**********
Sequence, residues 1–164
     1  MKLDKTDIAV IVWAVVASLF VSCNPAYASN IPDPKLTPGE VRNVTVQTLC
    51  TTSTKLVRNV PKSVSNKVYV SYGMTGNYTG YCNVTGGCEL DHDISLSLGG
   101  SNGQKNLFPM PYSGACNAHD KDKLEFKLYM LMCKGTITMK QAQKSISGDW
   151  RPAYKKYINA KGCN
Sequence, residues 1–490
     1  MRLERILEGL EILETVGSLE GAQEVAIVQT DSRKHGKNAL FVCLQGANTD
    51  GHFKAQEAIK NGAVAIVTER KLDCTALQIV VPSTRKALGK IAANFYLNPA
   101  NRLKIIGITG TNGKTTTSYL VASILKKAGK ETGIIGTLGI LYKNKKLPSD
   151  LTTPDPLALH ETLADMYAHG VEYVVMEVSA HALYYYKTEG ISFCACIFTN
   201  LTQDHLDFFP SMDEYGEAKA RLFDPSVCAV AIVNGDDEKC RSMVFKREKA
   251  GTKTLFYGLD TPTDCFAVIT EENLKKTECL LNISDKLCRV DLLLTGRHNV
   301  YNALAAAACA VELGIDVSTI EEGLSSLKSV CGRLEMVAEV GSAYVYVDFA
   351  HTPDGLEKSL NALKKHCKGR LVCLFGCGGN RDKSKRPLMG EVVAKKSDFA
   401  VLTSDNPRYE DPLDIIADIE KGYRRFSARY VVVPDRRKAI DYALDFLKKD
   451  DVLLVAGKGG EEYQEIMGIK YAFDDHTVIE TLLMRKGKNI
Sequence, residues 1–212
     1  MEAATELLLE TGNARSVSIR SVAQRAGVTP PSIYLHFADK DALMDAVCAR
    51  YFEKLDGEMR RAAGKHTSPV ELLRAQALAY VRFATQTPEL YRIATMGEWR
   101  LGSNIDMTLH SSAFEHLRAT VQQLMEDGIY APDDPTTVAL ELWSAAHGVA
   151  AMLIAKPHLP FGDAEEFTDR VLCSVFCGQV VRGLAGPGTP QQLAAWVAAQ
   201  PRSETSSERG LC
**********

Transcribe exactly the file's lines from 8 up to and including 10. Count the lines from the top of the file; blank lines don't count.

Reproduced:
    51  GHFKAQEAIK NGAVAIVTER KLDCTALQIV VPSTRKALGK IAANFYLNPA
   101  NRLKIIGITG TNGKTTTSYL VASILKKAGK ETGIIGTLGI LYKNKKLPSD
   151  LTTPDPLALH ETLADMYAHG VEYVVMEVSA HALYYYKTEG ISFCACIFTN